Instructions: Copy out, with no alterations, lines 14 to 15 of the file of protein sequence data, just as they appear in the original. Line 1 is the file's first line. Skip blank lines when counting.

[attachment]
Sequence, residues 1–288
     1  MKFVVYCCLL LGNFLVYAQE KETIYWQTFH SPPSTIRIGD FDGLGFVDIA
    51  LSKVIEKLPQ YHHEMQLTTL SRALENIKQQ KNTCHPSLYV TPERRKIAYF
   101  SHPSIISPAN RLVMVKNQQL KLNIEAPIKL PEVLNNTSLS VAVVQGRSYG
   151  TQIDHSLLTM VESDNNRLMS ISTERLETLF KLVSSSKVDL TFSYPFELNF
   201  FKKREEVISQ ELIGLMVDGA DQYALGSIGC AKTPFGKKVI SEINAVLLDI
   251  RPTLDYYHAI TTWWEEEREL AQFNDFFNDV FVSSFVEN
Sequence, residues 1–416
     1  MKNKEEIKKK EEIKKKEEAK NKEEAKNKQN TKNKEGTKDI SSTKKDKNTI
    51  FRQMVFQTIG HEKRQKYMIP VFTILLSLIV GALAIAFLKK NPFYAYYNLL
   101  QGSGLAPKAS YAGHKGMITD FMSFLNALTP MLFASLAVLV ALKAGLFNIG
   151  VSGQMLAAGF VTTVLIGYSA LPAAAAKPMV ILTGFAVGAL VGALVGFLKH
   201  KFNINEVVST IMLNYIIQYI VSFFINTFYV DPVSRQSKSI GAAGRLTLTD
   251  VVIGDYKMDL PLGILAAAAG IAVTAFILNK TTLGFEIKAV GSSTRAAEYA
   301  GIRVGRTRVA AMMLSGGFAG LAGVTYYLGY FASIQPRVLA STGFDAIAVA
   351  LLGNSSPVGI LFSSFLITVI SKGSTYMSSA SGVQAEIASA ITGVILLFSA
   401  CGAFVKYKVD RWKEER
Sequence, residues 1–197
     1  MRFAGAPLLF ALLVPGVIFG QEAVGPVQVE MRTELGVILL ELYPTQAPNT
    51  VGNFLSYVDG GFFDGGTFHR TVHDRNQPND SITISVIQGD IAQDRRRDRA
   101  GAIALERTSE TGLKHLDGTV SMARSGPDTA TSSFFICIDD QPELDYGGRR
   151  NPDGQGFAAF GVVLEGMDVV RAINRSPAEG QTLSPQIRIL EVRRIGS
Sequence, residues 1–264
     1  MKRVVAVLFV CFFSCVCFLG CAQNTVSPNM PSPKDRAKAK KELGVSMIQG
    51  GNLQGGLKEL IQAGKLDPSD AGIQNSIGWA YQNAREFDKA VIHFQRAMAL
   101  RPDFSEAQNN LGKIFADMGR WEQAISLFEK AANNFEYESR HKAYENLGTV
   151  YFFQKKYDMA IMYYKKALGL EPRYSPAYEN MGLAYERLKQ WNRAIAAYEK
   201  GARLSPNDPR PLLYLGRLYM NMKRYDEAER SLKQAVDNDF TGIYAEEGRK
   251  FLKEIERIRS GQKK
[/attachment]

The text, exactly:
   251  VVIGDYKMDL PLGILAAAAG IAVTAFILNK TTLGFEIKAV GSSTRAAEYA
   301  GIRVGRTRVA AMMLSGGFAG LAGVTYYLGY FASIQPRVLA STGFDAIAVA